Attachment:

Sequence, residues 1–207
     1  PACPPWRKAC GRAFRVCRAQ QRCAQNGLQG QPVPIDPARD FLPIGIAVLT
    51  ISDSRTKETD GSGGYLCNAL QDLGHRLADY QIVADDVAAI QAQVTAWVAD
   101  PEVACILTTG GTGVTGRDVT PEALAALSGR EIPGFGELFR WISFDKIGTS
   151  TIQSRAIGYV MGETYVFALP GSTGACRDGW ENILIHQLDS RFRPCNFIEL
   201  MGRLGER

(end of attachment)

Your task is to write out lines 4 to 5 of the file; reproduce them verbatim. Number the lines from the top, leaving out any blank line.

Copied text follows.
   101  PEVACILTTG GTGVTGRDVT PEALAALSGR EIPGFGELFR WISFDKIGTS
   151  TIQSRAIGYV MGETYVFALP GSTGACRDGW ENILIHQLDS RFRPCNFIEL